The Lean Management Journal caught up with Joanne Molesky and Barry O’Reilly the authors of Lean Enterprise: How High Performance Organisations Scale Up.

We picked their brains about how lean applies to start ups and the possible problems of over reliance on technology.


  1. What do you think the most important aspects of a lean startup are? [JOANNE]


Most ideas are not great ideas. In fact very few startups actually succeed. The key question for lean startups to ask themselves is not “can we build it, but should we build it?”


Teams that embrace lean startup principles foster a culture of experimentation and learning that is supported by collecting data from real customers by continuously testing their proposition using minimal viable products (MVP) to find out what works, and what doesn’t. Eric Ries describes a MVP as “that version of a new product which allows a team to collect the maximum amount of validated learning about customers with the least effort.” That means not necessarily creating software products to test your ideas. A test can be a simple as talking to your customers and getting their feedback and insight.


It is critical for lean startups to identify a business model hypothesis then create a test using a MVP to gain knowledge by validating ideas through experimentation, improving value to customers. Without this foundation for learning, success is more likely to be achieved through luck than investment in hard work.


  1. What tips would you give to innovators and entrepreneurs interested in improvement? [BARRY]


The first step is to create meaning for the people in your organisation. Everyone must understand the overall mission and goals we want to achieve (or whatever you prefer to call them).  From there, listen to the people working with you. Give them the autonomy to make decisions which help them achieve these goals. To make this work, you need to create an environment where everyone feels safe to bring everything they are to work, empowering them to make decisions AND take responsibility for the outcomes; you need a strong sense of compassion and empathy for both your employees and customers.


As organisations grow, it is sometimes hard to maintain the culture that fosters further innovation. They often lose their sense of purpose and customer value in favor of rigid processes and structure designed to deliver shareholder value. Don’t fall into that trap, as it is a short term play and actively discourages your people from being creative and responsible.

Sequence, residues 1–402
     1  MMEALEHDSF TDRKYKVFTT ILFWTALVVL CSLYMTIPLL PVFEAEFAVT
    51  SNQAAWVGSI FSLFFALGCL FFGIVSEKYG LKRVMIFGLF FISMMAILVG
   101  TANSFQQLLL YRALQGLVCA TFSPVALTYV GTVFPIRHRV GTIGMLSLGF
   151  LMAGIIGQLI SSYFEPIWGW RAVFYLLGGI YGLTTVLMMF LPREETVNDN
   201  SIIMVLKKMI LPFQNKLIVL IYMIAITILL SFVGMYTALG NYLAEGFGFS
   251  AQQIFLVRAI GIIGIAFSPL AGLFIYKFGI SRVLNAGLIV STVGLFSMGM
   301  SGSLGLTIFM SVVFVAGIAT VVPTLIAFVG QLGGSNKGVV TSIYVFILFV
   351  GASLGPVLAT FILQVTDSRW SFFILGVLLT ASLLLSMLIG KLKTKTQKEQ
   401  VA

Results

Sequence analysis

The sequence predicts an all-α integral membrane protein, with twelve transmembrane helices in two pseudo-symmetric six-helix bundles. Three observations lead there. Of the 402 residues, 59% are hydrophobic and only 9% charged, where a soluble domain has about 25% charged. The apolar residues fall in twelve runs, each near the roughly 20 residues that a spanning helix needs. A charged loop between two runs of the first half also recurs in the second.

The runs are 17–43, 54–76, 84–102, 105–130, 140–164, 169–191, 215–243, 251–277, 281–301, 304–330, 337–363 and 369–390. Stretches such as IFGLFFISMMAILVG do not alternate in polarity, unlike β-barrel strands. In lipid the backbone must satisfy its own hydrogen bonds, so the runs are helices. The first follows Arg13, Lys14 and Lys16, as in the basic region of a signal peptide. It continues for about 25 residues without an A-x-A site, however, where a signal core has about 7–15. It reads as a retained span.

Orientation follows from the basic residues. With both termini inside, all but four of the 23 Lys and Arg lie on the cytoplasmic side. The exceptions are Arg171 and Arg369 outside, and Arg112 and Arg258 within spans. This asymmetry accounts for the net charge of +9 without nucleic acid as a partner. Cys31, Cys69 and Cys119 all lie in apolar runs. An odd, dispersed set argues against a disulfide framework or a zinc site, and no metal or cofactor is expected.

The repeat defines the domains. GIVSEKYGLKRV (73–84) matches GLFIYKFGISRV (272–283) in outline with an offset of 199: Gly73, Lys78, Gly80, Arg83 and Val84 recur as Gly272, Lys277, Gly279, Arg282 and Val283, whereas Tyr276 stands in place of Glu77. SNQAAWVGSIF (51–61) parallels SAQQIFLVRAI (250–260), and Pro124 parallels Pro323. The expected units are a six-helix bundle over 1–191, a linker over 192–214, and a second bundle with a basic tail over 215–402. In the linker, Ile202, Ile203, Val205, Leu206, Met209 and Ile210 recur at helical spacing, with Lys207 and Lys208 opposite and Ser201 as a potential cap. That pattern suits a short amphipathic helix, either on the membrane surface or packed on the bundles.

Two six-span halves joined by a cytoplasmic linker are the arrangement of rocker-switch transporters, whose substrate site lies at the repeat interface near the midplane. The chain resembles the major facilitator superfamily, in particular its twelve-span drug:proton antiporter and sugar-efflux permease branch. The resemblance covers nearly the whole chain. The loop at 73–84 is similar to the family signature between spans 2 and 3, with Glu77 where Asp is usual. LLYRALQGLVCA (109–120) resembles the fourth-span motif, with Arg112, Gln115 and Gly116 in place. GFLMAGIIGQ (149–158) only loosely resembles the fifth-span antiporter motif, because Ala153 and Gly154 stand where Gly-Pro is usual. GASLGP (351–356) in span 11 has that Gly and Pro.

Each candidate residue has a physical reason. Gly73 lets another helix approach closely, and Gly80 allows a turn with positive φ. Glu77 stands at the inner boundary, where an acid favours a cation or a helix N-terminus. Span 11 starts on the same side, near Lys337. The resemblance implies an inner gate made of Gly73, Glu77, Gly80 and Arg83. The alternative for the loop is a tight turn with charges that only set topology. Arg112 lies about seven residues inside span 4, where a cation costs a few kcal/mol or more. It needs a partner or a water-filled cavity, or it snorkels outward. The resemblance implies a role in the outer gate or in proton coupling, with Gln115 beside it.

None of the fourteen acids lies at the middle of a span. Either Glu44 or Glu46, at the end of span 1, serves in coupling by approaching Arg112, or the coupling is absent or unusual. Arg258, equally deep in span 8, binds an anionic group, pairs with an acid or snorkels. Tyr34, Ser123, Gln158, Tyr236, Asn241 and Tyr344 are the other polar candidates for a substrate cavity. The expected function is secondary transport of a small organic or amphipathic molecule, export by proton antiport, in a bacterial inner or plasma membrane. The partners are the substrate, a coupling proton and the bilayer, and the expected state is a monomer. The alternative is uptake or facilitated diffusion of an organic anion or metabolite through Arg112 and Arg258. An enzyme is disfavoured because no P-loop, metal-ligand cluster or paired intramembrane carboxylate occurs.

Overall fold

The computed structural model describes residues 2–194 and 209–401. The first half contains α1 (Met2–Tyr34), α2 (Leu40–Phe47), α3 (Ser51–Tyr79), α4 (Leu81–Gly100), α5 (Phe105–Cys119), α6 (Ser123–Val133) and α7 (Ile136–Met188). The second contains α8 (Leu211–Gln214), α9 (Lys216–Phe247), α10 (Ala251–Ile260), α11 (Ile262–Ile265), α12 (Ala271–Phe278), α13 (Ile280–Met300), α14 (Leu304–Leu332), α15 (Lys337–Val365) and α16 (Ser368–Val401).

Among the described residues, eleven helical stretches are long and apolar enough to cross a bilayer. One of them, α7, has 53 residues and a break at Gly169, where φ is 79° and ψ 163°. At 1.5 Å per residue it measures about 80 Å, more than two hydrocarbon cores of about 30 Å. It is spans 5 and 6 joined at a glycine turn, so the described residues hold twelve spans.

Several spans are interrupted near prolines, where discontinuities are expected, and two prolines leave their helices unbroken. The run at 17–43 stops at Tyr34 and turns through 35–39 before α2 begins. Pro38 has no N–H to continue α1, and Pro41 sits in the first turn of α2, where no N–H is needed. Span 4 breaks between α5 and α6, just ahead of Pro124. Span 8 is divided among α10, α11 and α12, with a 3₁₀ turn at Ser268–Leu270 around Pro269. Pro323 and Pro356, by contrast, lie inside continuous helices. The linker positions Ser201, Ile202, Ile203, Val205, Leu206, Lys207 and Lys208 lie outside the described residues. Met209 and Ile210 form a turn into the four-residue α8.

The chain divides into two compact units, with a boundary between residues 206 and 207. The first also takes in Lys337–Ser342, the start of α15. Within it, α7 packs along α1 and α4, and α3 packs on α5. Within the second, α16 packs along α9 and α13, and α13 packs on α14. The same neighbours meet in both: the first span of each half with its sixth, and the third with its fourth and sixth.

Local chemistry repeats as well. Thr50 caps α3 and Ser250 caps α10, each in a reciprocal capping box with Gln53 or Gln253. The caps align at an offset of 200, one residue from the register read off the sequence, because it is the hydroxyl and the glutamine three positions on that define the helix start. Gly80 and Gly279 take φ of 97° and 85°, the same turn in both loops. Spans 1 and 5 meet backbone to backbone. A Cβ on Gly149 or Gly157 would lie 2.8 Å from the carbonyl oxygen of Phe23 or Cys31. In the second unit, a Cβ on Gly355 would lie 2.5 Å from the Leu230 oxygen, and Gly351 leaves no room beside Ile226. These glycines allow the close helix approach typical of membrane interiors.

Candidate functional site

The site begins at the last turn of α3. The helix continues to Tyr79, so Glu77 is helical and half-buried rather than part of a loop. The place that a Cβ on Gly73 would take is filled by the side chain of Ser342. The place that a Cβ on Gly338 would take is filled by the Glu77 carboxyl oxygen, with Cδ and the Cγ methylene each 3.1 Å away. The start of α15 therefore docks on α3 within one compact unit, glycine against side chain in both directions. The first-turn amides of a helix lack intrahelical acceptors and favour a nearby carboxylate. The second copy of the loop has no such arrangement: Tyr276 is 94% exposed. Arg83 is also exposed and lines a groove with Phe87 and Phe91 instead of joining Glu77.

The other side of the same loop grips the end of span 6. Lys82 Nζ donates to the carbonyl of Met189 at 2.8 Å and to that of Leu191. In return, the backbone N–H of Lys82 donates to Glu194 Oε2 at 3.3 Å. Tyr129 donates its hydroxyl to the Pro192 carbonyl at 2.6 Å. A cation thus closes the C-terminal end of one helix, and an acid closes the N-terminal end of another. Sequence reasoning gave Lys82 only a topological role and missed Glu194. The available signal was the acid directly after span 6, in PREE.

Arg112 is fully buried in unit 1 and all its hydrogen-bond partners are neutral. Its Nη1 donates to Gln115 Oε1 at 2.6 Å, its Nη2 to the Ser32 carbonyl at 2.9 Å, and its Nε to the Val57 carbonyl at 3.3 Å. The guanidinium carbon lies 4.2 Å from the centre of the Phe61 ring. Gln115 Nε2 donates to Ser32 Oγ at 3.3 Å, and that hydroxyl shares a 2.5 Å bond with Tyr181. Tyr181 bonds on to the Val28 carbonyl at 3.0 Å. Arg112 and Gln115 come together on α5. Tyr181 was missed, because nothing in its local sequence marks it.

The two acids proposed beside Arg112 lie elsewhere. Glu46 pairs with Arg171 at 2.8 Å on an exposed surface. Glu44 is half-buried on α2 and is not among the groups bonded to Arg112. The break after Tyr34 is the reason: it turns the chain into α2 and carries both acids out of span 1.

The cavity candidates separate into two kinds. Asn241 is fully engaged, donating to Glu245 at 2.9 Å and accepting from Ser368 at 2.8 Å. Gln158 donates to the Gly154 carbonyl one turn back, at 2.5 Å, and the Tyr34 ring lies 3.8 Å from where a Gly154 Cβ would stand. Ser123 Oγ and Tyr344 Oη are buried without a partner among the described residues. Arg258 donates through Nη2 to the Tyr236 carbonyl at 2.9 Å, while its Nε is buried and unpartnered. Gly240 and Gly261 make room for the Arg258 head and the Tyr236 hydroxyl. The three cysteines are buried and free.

Once you are on a path to success, get and keep your technology straightened out so you can collect more data on which to make decisions on what is a good, or not so good, idea. The ability to adapt quickly is reliant on technical capabilities – E.g. DevOps, continuous delivery, simplification and reducing technical debt.


Lastly, manage your portfolio wisely. Don’t be satisfied with the status quo, even if you are making buckets of money from it. Always look for the next thing to replace your current products and learn when to stop adding features and disrupt your own business with new innovative ideas and products.


  1. Are there any challenges you see coming to the future of innovators? [JOANNE]


Privacy, security and regulatory compliance will become increasingly demanding on how products are built and information is collected and processed. For example some States in the USA are considering passing laws that make consumer buying habits private information. This will affect the way information can be collected, stored and utilised by retailers and marketers.


Existing laws and regulations may also interfere with the use of products in certain locations. Uber is currently facing backlash and has been banned from different political domains due to existing regulations that control public transportation options. AirBnB also faced similar challenges in New York City. However it can be viewed that their success was driven by their willingness to test the boundaries of those laws and regulations in themselves.


As established organisations with political connections increasingly feel threatened by innovative products and services, they bring out laws and regulations as a way of preventing market penetration by new innovative alternatives.


  1. Do you see any problems emerging from possible over reliance of technology and niche startups? [BARRY]


When you rely heavily on technology, it is easy to forget that it is people driving the need and use of technology. As technology advances, the possibilities of using it seem to grow exponentially.  It is easy to get bedazzled by technology and build new products just because we can. It is important to always consider why we are building it and what outcomes do we expect to achieve?


Another problem in over reliance on technology is in using it to eliminate work without creating meaningful alternatives for people. As we follow this path, the world becomes increasingly polarised in wealth and values between the haves and have nots. The resulting conflicts may be our undoing. It would be more beneficial to see more use of technology to make lives better, such as providing affordable medical care, creating self-sustaining micro-economies and safer, affordable places for people to live. Be My Eyes provides blind people with greater mobility, Uber provides jobs for drivers, KIVA provides loans so people can run businesses to provide work for themselves and their families.


  1. What are you hoping people learn from the book? [JOANNE]


If nothing else, we hope the readers will start to think differently about the way we manage the use of technology within organisations and realise that learning to adapt is key to success in business and indeed life itself. We can’t plan away uncertainty. We need to stop trying to control all aspects of the way people work and allow them to make decisions and take responsibility for the outcomes of their work.